Listen, I really don’t know how or why gratitude works. It’s magic and that’s kind of what my whole God spiritual life thing is based on. I don’t have any specific religious God defined. I just think the magic of the universe and all things I can’t explain fall under the God umbrella and it works for me. I do know that whatever bullshit I’m grappling with seems pretty incidental when I’m able to write down a few things that made my day easier or put a smile on my face. Sometimes, just horrible days being over is something to be grateful for. Gratitude has even managed to carry me through hard times. When I’ve struggled, muscling through and finding something, anything to be grateful my outlook transforms. Anger, sadness, depression all have been loosened when I focus on what’s amazing in my life and let go. Ditto with poor health. I’m no Berkeley grad but based on my last doctor’s visit, I can tell you my blood pressure is low and I feel pretty fantastic so I gotta believe gratitude (along with some decent choices) has certainly helped. Therefore, I guess it’s only natural like as gratitude has changed me, my idea of gratitude has recently changed too.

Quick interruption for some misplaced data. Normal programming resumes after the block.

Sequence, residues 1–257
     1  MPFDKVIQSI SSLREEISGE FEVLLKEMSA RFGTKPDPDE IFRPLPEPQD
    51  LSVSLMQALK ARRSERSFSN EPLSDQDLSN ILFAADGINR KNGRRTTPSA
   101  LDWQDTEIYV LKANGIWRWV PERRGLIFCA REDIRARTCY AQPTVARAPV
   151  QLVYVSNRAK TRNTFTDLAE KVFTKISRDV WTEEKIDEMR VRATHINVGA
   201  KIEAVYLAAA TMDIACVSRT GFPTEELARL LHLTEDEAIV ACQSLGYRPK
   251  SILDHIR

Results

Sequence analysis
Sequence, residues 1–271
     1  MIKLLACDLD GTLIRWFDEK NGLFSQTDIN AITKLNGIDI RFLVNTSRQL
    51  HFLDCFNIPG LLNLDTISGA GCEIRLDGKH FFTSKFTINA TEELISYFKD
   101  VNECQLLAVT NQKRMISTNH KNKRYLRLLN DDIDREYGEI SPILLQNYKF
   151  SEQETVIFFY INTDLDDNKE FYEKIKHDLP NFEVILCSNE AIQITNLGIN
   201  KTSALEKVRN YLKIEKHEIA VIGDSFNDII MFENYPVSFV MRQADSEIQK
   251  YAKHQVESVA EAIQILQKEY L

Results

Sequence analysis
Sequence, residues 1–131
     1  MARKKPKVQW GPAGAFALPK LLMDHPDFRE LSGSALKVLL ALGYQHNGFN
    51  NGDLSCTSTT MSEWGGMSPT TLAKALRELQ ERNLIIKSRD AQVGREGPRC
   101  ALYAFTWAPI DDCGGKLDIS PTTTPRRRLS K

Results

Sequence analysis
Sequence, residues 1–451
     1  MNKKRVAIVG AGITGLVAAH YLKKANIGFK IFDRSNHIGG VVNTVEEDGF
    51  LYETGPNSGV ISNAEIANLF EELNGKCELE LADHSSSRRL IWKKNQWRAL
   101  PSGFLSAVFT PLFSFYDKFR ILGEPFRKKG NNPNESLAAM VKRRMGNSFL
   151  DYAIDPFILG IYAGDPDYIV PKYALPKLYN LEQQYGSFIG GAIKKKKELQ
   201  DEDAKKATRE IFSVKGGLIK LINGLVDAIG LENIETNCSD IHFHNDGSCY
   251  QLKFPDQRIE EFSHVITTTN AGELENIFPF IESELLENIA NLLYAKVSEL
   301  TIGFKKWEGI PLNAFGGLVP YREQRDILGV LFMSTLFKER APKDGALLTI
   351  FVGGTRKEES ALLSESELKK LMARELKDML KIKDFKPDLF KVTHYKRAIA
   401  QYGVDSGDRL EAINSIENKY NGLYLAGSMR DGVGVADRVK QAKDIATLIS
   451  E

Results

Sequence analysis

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As I was getting ready to write this, I was listening to Alanis, as one does in sorts of research situations. My current idea of gratitude was right there as sung by a 90’s Canadian songstress:

Thank you terror
Thank you disillusionment
Thank you frailty
Thank you consequence
Thank you thank you silence

That was it! When I started this practice it was all about just the sunny, wonderful things that made my life better. Yet as I listened to this song I realized, it ain’t really just about that anymore. Today, I am also grateful for the fucked up stuff too. I’m grateful for loss, for moments of darkness and yes even for situations that feel horrible and utterly hopeless. Like homegirl said, terror, frailty, disillusionment– all of it. Crazy but it’s the honest to god’s truth because I know that the healing and wisdom gained from hard times is immeasurable and something to be thankful for. Sure, I’d like that daily list to always be filled with rainbows and life-changing pieces of chocolate cake but being grateful for heartache and sadness is even more powerful.